Chances are, at this point, you won’t be shocked if I tell you that manufacturing is facing a shortage of skilled workers. Yes, we’ve heard it before plenty of times. What is it, something like 600,000 unfilled positions in manufacturing? Meanwhile, how many engineers are out of work, or perhaps have become “consultants” for the industry? Sorry if I’m overly skeptical, but I still have trouble wrapping my head around this concept. I still feel like there must be some disconnect in which employers are expecting too much for too little.
But every time I broach this skepticism in a public forum (industry conferences, user groups, trade shows, etc.), people are typically insistent that it’s not about the pay; it has more to do with trouble finding the right skill sets. Many industry professionals bemoan the state of an education system that isn’t preparing students for real-world jobs, or in some cases the complaints are about Millenials and their over-inflated sense of entitlement.
The range of workforce concerns came up repeatedly at the Control System Integrators Association (CSIA) Executive Conference last month. As Alan Beaulieu, president of ITR Economics, reported in his presentation about “prosperity in the age of decline,” job growth is good, and there are still more job openings. “We want more people,” he said. “We can’t find more people with the right skills, with the right attitude, who can pass the drug test.”
The industry is going to have to be prepared to boost wages and health benefits, Beaulieu said. “We’re going to have to pay every team member more as we go forward because we can’t find good people…because educationally we’re not producing them. And we’ll have to spend more on training,” he said. Inflation will also factor into that. “Your business plan has to incorporate paying people more and more and more each year. Their standard of living is going to go down if you don’t start paying them more, or they’re going to get poached by your competitors.”
But the system integrators that I spoke with during the conference insisted that wages weren’t really the issue. Soaking up the San Diego sun at lunch one day, a couple system integrators confirmed how much harder it is these days to find the talent they need. They talked of situations in which integrators had to turn down big jobs because they simply couldn’t get the talent they needed to get the jobs done. One told me that he could see a distinct difference in available candidates just within the past 5-6 years. He was concerned about not only the dearth of candidates available, but also the available candidates not having the right skills.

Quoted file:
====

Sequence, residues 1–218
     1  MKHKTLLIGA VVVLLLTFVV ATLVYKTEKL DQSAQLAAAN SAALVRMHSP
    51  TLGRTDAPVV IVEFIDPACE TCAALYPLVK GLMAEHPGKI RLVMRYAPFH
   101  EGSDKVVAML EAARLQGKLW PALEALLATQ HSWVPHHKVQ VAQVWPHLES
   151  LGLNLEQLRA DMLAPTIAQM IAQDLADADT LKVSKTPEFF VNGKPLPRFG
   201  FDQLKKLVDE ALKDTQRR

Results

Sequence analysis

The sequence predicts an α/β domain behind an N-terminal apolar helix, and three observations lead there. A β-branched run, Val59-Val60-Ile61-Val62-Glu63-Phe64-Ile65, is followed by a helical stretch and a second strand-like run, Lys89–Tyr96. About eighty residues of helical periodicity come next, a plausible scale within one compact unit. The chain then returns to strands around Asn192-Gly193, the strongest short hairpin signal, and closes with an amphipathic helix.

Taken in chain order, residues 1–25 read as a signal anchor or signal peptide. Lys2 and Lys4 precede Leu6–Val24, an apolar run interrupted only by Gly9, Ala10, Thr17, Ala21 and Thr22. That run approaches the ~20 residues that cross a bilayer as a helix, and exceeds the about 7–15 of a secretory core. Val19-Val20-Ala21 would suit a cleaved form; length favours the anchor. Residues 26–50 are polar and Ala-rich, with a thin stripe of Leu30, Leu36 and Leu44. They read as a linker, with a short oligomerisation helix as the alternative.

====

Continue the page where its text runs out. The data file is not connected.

And let’s talk about those “right skills,” by the way. It’s not just the technical knowledge—the ability to program and troubleshoot, the knowledge of products and standards. This particular system integrator acknowledged the need to keep some of his engineers away from customers because they lacked the social skills necessary to interface with clients. Finding engineers who could also communicate well with co-workers and customers was a challenge.
Gina Coleal, human resources and organizational development for TEC Systems Group in Wichita, Kan., stressed the growing value of such “soft skills” in her presentation at the CSIA conference. As difficult a time as manufacturing and system integration companies might be having filling positions, they need to take the time to find employees with the important soft skills. “Just changing some small things, asking more behavior-based questions, can really make the difference in who you’re bringing on board,” she said.
Coleal talked about the idea of looking at will vs. skill in candidates. “We always look for high will. They don’t have to be the highest skilled programmer or controls engineer,” she said. “We had a guy that came in with five years of engineering, but not controls experience. We changed our approach, and asked a lot of behavior-based questions. He was somebody who had high will and high EQ [emotional intelligence quotient]. Already, after a year, he’s one of our highest performers. How he gets things done far exceeds somebody we had on the team for 10-15 years.”
Companies can always send their employees to a supplier course or a programming course, Coleal emphasized. “It’s harder to teach somebody the soft skills.”
For TEC Systems, soft skills aren’t just an important consideration in hiring, but in promotion and compensation as well, Coleal said. “When we think about promotion, we usually think about technical skills,” she said. “You need to think about what soft skills you want that person to have and how they should develop throughout their career.”
TEC Systems’ compensation plan is designed around soft skills, Coleal explained. “Merit increases are based on will-based performance,” she said, explaining that it’s not just how a person programs, but how he communicates on a project, whether he stays late to complete a project, whether he anticipates customer needs, is forward thinking, etc. “Merit increases are designed to reward on will, not just skill. If you just have the skill, you won’t get the increase.”
The bottom line for employee development, according to Coleal:
- Invest in your people.
- Make it important to your organization and commit for the long haul.
- Adjust your hiring strategy.
- Assess skills.
- Invest in learning and development.
- Create programs geared toward the development and reward of soft skills.
- Evaluate and measure your progress.